“[Regarding the title], I wanted to give the film a title that sounded familiar to the Korean ear,” he said. “The title should bring the image of dogs to mind when Koreans hear it [...] I know that Nureongi can also be construed as a meat dog.”
While trying to get a sense of how Korean society perceives the consumption of dog meat, Bright learned that it is a dying tradition.
“The truth is many more of the people that I interviewed [who weren’t shown in the film] were either unknowledgeable about the dog meat industry or opposed to it,” the director said. “The majority of the people we interviewed who were in favor of dog meat were men. This is no surprise as the majority of dog meat consumers are men over 55 years old.”
The film also depicts the process of making bosintang, beginning with how the dogs are raised on farms to their slaughter, and how the meat is cooked to make the soup. The conventional form of slaughter is by electrocution, which was described as a “quick and pain-free” death by the Dog Meat Association.
The director learned that most people were oblivious to the process of making bosintang and purposefully included such explicit scenes to raise public awareness.
“It was actually the reason I made the film in the first place,” he said. “I knew for a fact that over two-thirds of Korean society does not eat dog meat and as a result they know very little about it.”
Although the tradition of eating dog meat in Korea is dying out, there are still over 10,000 dog farms which raise dogs for consumption, and over 1.5 million dogs are consumed annually.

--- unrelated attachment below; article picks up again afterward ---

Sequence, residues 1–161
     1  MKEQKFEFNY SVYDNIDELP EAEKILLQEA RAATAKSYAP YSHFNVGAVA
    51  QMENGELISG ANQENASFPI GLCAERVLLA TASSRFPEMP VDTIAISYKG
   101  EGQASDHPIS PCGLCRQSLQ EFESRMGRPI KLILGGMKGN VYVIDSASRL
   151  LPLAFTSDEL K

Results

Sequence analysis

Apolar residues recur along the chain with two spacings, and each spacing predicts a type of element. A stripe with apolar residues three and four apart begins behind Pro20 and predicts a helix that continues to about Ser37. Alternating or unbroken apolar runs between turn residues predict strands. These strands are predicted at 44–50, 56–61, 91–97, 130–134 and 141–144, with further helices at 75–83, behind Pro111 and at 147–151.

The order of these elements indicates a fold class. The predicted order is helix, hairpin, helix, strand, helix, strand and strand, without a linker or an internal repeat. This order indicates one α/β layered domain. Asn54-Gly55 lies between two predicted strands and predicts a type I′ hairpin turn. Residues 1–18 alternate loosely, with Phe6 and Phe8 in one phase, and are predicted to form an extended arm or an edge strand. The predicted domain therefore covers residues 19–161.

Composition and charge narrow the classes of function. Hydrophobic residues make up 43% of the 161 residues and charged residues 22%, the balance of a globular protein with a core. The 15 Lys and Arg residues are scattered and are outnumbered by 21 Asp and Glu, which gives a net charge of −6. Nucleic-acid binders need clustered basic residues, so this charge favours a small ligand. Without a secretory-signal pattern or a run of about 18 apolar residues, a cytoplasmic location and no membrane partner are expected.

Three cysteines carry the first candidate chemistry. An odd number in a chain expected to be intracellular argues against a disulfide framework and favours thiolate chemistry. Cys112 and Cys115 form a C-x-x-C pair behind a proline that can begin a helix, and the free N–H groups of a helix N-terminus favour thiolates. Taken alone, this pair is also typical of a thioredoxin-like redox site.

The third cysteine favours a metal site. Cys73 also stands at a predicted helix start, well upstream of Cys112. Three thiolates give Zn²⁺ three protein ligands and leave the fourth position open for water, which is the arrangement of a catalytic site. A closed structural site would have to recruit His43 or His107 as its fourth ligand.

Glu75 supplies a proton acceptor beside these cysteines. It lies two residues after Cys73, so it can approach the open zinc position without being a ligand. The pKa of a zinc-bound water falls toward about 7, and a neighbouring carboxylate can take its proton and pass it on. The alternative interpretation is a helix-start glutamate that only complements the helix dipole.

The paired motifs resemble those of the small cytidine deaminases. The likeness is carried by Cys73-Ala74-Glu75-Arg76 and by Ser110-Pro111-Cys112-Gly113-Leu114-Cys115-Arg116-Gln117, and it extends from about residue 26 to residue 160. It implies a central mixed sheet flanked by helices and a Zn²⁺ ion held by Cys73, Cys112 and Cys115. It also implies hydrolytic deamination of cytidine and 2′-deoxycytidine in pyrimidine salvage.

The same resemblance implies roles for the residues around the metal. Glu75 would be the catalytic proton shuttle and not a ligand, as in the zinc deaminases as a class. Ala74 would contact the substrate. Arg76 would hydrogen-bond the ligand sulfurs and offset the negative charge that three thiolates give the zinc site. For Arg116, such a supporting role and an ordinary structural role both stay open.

Bright revealed that it was difficult to find investors, which is why he funded the film himself.
"America and most European countries only consider dogs to be pets and think the idea of a film focusing on dogs as livestock would be offensive to the majority of the world audience,” he said. “In spite of that, I felt that this was a film that needed to be made.”
Bright understands that there are people whose livelihoods depend on the industry. Dog meat consumption remains on a precipice because technically there are no laws legalizing it, but no laws prohibiting it either.
A particularly memorable scene from the film shows private animal rights organization CARE making a deal with a dog meat farm owner in Namyangju, Gyeonggi, for him to sell his dying business with the promise that he will never become involved in the industry again.
“I never meant to hurt these dogs,” the owner says in an interview. “I feel bad and I am sorry.”
“The closings that have been made so far are just the tip of the iceberg,” Bright said. “Individual closings cannot solve the problem. The government must provide incentive programs to the dog farmers to change their business.”
Bright also shared the responses from the Dog Meat Association, who saw the film during a private screening ahead of its release.
“The purpose of the screening was to allow the DMA an opportunity to share their views with me on the final cut of the film," Bright said. “I was ready to listen to them and make some compromises, but the DMA were having none of it. They said my movie was a lie and that it must be destroyed and never seen by anyone in Korea. The DMA expected me to make a pro-dog meat film, when I told them the entire time this was an unbiased movie that would reflect both sides. That screening was the end of my communication with the DMA.”
The director feels that the answers to the plethora of issues will come through discussions and negotiations. At the end of the day, what Bright remains concerned about are the dogs still left on the farms.
“There are millions of dogs in the pipeline of the dog meat industry at any given time,” he said. “The biggest question is what will happen to these dogs as the dog meat industry comes to an end.”
BY LEE JAE-LIM [email@example.com]